- NSW Deputy Premier The Hon. John Barilaro MP launched The Global History of Co-operative Business last night, offering praise and support for co-operatives from the NSW National Party
NSW Deputy Premier The Hon. John Barilaro MP launched The Global History of Co-operative Business, by Professor Greg Patmore and Dr Nikola Balnave, at NSW Parliament House, on Thursday, June 22. The launch was sponsored by the Business Council of Co-operatives and Mutuals (BCCM), Australia’s only peak body to represent all member-owned businesses across all industries.
“The role of co-operatives in NSW life, particularly rural and regional life cannot be overstated,” said Mr Barilaro at the book launch. “Co-operatives developed in the 1800s but remain relevant in the vastly changed globalised economy today. The principle of one vote per member is a great example of democracy in action, ensuring that the voices of all members are heard.
“NSW Co-operatives took off with the dairy co-ops in Kiama in 1883 and Bombala in 1894 and spread, not only across the state but into other areas such as wheat, seafood, meat, cotton and wool. The co-operative concept has spread well and truly beyond agriculture to other areas, including retail, real estate, the arts, wholesale trade, taxi co-ops and of course, finance with the rise of Credit Unions.
“In the regions that I and my colleagues represent, co-ops are an important part of not only the business of those regions, but the wider community – whether it’s the workers directly employed by the co-op, or the people picking up their evening meal from the Fisherman’s co-op, perhaps playing a game or enjoying a meal at their local co-op run bowling, RSL or golf club and catching a cab home afterwards. To enthusiasts brought together in a co-op by their passion, be it restoring our state’s railway heritage or supporting our museums and history, through to artists co-ops and the provision of child-care kindergarten services, co-ops are an indispensable part of our communities.
“I’m proud that the Country Party, the predecessor of today’s National Party, was a supporter of co-operatives across rural and regional NSW, as outlined in Professor Patmore and Doctor Balnave’s book – it’s good to see that aspect of our long history get a little recognition.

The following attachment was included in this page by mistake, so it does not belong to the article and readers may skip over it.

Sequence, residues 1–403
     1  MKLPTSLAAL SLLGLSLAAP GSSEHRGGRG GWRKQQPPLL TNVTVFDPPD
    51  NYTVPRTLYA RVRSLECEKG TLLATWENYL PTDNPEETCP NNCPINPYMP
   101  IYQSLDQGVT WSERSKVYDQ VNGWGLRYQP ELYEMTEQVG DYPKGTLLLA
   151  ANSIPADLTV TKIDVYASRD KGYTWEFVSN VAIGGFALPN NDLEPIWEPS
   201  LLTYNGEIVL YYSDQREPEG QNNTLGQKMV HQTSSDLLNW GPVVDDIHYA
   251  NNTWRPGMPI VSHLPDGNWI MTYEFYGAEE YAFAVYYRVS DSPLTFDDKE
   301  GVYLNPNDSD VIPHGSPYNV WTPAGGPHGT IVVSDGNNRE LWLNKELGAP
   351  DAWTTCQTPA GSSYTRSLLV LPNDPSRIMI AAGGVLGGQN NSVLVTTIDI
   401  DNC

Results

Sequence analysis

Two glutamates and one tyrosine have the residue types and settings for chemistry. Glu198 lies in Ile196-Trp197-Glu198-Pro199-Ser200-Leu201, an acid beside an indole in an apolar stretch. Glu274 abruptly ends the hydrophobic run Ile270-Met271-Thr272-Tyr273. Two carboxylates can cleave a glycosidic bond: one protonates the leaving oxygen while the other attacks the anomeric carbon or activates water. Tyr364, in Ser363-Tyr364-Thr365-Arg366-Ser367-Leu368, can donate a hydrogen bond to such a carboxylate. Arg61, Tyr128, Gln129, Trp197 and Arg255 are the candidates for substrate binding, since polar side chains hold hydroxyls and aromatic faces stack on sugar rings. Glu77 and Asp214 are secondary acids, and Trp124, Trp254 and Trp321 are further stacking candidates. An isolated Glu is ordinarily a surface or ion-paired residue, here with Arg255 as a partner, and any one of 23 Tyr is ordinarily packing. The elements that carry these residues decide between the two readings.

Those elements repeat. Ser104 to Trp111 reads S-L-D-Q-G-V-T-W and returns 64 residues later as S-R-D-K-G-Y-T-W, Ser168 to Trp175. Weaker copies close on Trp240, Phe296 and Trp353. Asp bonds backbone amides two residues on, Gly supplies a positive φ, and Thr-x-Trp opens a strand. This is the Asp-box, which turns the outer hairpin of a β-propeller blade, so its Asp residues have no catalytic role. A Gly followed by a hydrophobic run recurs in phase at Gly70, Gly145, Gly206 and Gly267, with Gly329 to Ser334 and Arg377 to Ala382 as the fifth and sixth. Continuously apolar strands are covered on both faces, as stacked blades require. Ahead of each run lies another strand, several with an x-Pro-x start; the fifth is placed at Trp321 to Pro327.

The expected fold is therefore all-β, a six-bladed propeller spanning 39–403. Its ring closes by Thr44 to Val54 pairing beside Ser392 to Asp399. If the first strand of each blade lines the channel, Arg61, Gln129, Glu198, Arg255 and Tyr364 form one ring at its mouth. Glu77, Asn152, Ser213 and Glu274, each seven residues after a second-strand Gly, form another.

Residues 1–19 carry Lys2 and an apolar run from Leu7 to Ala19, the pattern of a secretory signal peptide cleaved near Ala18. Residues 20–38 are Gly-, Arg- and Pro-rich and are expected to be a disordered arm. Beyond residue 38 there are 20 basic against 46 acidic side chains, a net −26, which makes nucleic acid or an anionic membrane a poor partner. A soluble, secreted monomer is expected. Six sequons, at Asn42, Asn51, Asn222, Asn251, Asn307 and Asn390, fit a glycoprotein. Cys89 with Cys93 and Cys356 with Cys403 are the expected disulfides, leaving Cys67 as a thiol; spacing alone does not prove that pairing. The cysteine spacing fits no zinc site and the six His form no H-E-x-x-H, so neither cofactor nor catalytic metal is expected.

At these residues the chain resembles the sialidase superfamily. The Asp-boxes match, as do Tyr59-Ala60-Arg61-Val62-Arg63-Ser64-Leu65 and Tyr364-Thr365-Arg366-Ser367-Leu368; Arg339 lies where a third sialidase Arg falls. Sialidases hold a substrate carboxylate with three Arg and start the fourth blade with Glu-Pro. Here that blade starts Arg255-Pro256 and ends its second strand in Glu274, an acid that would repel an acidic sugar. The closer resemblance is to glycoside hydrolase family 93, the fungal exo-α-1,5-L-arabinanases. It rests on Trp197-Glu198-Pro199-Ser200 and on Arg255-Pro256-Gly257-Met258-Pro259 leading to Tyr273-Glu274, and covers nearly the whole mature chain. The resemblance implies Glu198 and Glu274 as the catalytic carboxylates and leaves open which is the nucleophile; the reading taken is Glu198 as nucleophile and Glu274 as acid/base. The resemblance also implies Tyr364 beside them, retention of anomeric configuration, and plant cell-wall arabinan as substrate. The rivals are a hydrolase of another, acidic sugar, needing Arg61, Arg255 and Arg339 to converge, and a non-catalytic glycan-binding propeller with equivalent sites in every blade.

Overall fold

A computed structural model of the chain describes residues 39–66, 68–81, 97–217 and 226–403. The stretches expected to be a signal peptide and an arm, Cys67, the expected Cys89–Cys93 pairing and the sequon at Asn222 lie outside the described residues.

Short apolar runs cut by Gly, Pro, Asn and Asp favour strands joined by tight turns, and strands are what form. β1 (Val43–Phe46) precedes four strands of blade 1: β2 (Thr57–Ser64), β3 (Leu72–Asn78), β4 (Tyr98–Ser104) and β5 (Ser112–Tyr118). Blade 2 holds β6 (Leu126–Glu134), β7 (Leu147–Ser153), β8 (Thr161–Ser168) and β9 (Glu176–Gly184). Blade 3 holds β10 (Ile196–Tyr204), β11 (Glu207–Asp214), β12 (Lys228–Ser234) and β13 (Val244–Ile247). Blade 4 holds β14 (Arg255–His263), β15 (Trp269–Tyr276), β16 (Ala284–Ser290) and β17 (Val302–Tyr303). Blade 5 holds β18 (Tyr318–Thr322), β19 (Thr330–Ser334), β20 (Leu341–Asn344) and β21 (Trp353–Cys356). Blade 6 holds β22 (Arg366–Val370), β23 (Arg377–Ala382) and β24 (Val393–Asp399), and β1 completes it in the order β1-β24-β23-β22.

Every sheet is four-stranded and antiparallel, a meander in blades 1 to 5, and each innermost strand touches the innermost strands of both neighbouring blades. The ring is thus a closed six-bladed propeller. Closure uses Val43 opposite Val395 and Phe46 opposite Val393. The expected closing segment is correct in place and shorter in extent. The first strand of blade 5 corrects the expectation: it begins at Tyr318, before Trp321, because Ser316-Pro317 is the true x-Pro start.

“The National Party I lead will continue to support co-operatives, as they in turn support their members and the wider community. I’d like to thank Professor Patmore and Doctor Balnave for their work. This book documents a phenomenon that’s long been a part of Australian rural and regional life – as well as having an impact on the cities as well.”
The book authors, Professor Greg Patmore and Dr Nikki Balnave, spoke at the launch.
“This book provides an Australian perspective on the history of a significant movement that has benefited billions of individuals and still helps people meet contemporary issues that traditional markets fail to meet,” said Professor Patmore. “The BCCM plays an important role in Australia in raising awareness of the co-operative model.”
“It was wonderful to see so many co-operators in the same room, together celebrating the history of the movement and looking with optimism to the future. BCCM organised a terrific launch and as always we appreciate their interest in, and support for, our co-op research,” said Doctor Balnave.
As economists and policy writers increasingly reexamine the powerful co-operative business model, this new work documents the significant contribution co-operatives have made to the economic and social development of communities all over the world, and why co-operatives remain important today.=
“This book is an incredible resource for anyone interested in co-operatives and what makes them such a successful business model,” said BCCM CEO Melina Morrison. “We are indebted to Professor Patmore and Dr Balnave for their accurate depiction of the co-operative business model and its historical roots of self-help and entrepreneurship. The BCCM is delighted to see the National Party’s historically important role in supporting co-operatives set up in NSW now recorded for posterity.”
There are more than 2000 Australian co-operative and mutual enterprises. In 2017, they contributed 8.3 per cent of the nation’s GDP. And while eight in 10 Australians are members of one, only three in 10 know they are.
About the authors
Greg Patmore is Emeritus Professor of Business and Labour History and the Chair of the Co-operatives Research Group at the University of Sydney, Australia. He is a member of the International Co-operative Alliance (Geneva) Global 300 Project.
Nikola Balnave is Senior Lecturer in the Department of Marketing and Management and a member of the Centre for Workforce Futures at Macquarie University, Australia. Nikki has been the President of the Australian Society for the Study of Labour History since 2009. She has also been an executive member of the Academic Association of Historians in Australian and New Zealand Business Schools in many capacities since its inception in 2009.
About the book
This book provides an international perspective on the development of co-operatives since the mid-nineteenth century, exploring the economic, political, and social factors that explain their varying fortunes and transformation into different forms.
This book is an invaluable resource for academics, practitioners and policy makers:
- It looks at what co-operatives are and how they have changed
- The developments and persecutions of the co-operative movement
- How co-operatives can drive development and self-sufficiency in non-industrialised areas